Moribu quickly closed and locked his door and followed out after the man. Outside, a crowd had gathered, and people were talking excitedly to each other.
“Ah these people and their coup d’etats. Noone can live in peace”, someone sighed.
“But perhaps these ones will be better than our current Government. As long as there is no bloodshed. They say it is led by a Sergeant Collie”, another replied.
Moribu went numb when he heard this – he knew Sergeant Collie, from his travels to the city. They had met once, when he had taken a case to the police office and found the Sergeant on duty. After that they often ate lunch together at the police canteen, when he was in the city on business. Suddenly Moribu’s dream made sense to him. This was his great chance, this was his opportunity to become leader of the people, to hold high office and be universally respected and revered. Sergeant Collie was a hard-working, dedicated man. He would succeed in his coup, he would make Moribu the holder of some high office in the land. Moribu understood that he must initiate some action himself, of course – dreams only gave you an indication of what was to come, like a friendly tip from the river on the best spot to fish. You had to do the fishing yourself.
So it was that when the soldiers marched into town, pointing their guns menacingly before them so the townspeople called their children and ran back into their houses, Moribu alone was left on the street, Moribu alone stood and faced them. And, because everyone was looking out of their window (behind half-drawn curtains) at this strange sight, noone in the town had to explain to anyone else what happened next.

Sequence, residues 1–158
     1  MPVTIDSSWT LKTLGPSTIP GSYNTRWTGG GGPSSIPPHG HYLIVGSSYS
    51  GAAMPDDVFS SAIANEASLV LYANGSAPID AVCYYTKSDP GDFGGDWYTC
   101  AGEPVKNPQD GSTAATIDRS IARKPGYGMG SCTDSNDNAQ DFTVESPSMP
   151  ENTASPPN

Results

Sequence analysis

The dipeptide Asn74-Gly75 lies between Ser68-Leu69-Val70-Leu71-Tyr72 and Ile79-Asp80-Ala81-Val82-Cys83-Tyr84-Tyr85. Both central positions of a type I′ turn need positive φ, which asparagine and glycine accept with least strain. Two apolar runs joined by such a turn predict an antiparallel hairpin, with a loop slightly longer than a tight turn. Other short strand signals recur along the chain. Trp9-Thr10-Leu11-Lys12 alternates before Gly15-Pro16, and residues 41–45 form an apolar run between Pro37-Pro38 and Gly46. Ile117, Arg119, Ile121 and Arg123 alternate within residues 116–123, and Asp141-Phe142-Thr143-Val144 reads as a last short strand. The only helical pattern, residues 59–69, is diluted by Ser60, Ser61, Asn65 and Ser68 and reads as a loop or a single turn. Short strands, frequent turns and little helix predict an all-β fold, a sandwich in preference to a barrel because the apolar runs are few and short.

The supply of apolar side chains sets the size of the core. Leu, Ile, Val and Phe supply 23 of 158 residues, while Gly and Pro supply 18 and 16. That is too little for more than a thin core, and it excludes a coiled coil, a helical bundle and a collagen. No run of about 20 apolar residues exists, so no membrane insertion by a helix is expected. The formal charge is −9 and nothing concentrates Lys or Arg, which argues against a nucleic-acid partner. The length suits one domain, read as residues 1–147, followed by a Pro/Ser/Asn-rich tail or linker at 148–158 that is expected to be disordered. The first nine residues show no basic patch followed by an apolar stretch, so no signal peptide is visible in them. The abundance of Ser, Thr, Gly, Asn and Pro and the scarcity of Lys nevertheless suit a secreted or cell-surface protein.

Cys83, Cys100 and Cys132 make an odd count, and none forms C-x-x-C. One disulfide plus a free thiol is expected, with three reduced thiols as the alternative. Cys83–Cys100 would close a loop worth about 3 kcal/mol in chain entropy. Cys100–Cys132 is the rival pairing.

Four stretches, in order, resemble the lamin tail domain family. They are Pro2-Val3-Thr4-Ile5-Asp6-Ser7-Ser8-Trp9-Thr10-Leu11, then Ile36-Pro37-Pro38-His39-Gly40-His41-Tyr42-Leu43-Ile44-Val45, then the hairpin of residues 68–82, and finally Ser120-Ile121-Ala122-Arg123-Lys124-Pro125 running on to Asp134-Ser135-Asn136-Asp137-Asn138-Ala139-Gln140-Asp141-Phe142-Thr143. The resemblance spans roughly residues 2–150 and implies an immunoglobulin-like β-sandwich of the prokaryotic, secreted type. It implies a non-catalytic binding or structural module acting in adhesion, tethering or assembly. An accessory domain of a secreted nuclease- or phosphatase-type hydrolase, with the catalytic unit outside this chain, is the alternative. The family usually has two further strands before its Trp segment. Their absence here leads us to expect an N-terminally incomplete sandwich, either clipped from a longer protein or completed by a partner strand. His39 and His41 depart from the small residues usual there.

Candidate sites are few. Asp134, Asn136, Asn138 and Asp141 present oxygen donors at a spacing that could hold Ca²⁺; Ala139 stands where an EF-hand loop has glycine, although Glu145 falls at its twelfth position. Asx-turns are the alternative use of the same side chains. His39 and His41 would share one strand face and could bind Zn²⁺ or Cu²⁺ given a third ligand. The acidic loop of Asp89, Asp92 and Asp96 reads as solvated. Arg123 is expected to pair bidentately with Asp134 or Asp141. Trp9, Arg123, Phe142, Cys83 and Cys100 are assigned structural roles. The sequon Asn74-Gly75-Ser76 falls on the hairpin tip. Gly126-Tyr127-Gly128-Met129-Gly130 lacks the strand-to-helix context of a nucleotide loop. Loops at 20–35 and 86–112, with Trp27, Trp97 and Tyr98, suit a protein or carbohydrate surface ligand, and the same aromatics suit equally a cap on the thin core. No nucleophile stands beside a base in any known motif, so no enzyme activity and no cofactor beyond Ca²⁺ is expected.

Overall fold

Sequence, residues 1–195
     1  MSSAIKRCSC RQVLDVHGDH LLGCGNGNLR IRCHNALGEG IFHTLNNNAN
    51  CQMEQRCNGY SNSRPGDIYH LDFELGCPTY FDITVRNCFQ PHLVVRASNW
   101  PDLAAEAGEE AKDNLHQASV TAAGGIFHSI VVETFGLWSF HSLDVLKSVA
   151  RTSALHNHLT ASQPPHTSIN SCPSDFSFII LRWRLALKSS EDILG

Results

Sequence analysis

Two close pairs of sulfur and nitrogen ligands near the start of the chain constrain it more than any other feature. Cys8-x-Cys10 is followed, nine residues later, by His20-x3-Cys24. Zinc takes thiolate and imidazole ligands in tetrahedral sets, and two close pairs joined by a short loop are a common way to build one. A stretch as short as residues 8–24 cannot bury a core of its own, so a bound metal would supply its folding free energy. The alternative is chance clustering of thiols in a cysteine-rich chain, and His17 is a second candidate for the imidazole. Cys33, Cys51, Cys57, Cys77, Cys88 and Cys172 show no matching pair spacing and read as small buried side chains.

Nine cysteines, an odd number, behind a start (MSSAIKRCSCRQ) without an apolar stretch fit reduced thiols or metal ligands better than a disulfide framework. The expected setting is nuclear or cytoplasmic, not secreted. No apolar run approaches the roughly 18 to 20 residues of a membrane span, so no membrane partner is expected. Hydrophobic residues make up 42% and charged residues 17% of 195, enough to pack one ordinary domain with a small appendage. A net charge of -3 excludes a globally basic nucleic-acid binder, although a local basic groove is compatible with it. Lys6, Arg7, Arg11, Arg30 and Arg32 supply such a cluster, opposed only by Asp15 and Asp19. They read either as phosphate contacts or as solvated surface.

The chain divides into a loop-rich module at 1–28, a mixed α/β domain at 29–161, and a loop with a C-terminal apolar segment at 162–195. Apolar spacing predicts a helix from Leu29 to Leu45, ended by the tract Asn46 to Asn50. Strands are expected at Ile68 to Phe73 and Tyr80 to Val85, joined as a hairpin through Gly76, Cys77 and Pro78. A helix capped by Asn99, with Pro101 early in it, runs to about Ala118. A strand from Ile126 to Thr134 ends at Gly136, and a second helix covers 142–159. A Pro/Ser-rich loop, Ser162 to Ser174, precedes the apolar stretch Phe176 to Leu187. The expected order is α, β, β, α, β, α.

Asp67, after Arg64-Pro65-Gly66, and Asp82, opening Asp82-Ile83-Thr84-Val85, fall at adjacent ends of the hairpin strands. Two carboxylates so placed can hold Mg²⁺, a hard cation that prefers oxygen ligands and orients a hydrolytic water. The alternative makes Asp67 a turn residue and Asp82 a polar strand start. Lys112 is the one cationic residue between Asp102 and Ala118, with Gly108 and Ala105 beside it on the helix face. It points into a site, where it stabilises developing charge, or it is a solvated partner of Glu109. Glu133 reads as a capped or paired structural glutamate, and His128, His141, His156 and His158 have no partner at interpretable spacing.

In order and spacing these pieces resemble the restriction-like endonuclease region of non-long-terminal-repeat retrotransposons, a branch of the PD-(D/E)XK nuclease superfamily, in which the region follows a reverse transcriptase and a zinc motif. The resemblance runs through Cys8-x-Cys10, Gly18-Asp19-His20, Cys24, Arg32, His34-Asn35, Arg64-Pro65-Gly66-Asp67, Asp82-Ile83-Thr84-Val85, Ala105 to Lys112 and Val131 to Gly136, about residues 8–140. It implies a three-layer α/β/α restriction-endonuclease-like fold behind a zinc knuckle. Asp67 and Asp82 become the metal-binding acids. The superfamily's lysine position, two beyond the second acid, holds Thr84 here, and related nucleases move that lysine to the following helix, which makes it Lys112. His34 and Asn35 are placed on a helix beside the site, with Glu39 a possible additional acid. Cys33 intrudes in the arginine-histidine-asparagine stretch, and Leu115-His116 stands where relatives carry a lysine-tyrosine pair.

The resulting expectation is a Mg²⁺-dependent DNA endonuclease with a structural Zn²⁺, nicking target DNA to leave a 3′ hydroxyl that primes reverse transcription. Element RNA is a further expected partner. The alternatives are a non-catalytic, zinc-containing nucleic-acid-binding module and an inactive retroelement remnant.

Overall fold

Everyone watched as Moribu stood before the leader of the coup d’etat, the Sergeant. He extended his hand in greeting, but the Sergeant did not shake it. They watched as he spoke some words, and smiled, but from what they could see of the Sergeant’s hard face it was stern and set, and still unsmiling. They watched as Moribu prostated himself before the Sergeant, but the Sergeant walked past him, still unsmiling, shouting a few words of command to a soldier behind him.
It was this soldier who took out a gun and pointed it at the head of the still prostrate Moribu, who was pitifully sitting on his haunches like a dog, looking for the moment as if he had lost the power of speech and the power of movement both. Then the sound of a shot rang through the town, and without any ceremony Moribu Kenda keeled over, and the soldiers walked past as if nothing had happened, continuing their march into the city.
None of the townspeople ever found out what Moribu had said to the Sergeant, and the Sergeant was at no liberty to explain, for he himself and all his men were killed in an ambush by the country’s army, 40 kilometres from the city borders. A rumor did spread however, that he had been pleading with the rebel leader to lay down his arms and go back, for his mission was futile, and noone could overthrow our good President and his Government. When this rumour came to the ears of the President of the country, a great statue of Moribu was erected in the town, and the day he died was declared a national holiday, on which everyone would march together in solidarity and peace, to remember “this great man who stands for everything our country stands for”, as the President himself put it in a speech on national television. The town was also renamed “Moribu Kenda town”, and to this day people from there can be recognized by the fact that they are fiercely proud of their hero, and will speak continuously about him in conversation if given the chance.